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Thursday, July 12, 2018

Tech can help young students learn to not fear mistakes | Technology - Education Dive

Lauren Barack, Journalist & writer summarizes, "Using digital portfolios in the primary grades opens up new ways to teach math."

Photo: Depositphotos

When Emma Mackey got a parcel of 23 used Samsung Galaxy tablets donated to her 1st grade class last year, she put her littlest students to work showing off how they understood their numbers game. Using digital portfolios, the children were assigned small projects explaining how to add different numbers to get to 10. They could use any tool they wanted — dry erase markers, pens, video and even recording their voice were all allowed — as along as it was all done on their tablets.

“When a child explains her understanding orally, if she doesn’t quite get there I can tell, where if I had a worksheet that showed a correct answer I would think this student got it,” Mackey, who teaches at Souder Elementary, part of the Everman Independent School District in Texas, said in an interview. “I feel like using this I saw a lot of misconceptions, where I may not have been teaching it enough.”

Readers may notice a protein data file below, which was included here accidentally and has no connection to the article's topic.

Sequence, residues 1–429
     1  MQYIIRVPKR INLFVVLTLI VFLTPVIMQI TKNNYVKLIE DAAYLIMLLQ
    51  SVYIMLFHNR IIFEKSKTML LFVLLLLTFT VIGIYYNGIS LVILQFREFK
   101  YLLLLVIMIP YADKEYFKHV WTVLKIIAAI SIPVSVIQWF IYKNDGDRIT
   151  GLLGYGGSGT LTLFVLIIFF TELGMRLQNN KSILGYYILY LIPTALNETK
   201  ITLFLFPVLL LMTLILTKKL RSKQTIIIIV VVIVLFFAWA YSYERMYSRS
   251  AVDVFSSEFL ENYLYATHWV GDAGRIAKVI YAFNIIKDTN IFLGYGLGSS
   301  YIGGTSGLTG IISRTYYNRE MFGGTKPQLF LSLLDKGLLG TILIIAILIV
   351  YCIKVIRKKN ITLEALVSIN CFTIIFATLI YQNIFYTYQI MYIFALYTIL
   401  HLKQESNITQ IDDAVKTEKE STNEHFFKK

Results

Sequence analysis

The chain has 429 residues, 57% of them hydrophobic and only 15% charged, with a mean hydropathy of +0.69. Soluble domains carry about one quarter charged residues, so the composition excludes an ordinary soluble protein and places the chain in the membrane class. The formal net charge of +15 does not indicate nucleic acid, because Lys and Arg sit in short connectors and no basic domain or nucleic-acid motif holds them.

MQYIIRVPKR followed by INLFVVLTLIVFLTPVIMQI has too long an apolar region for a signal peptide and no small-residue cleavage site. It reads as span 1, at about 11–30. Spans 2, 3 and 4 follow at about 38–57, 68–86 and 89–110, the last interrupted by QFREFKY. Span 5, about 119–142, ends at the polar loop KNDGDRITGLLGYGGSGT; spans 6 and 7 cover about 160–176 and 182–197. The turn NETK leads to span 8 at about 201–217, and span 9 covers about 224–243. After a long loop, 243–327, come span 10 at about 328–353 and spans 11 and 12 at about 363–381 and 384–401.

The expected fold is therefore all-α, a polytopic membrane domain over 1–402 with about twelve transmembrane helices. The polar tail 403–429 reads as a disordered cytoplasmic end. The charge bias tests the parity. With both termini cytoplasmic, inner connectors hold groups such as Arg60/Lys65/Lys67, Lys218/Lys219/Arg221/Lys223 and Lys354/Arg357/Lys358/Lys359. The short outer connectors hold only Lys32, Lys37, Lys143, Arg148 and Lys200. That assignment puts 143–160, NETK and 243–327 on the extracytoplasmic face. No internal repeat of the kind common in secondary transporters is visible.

Mackey’s adoption of digital portfolios proved interesting enough to more than just her students, as she’s showcasing the work from her class at this year’s Conference for the Advancement of Mathematics Teaching, set for July 16-18 in Houston, Texas. In her session, "Kids are Fearless: Let Primary School Students Use Child Friendly Apps to Build Digital Portfolios,” Mackey is going to explain how to weave tablets into lower grade classrooms specifically when teaching young children math — but also to help identify literacy issues as well...

Tablets before computers  
Technology adoption in high school and middle schools is fairly standard — most upper grades require students to file work online, necessitating their use of computers, tablets and at the least, smartphones. At the elementary school level, tablets are preferred — with 53% of students in grades K-2 using these devices, as compared to 15% of the same grades using laptops, according to Deloitte’s 2016 Digital Education Survey

Source: Education Dive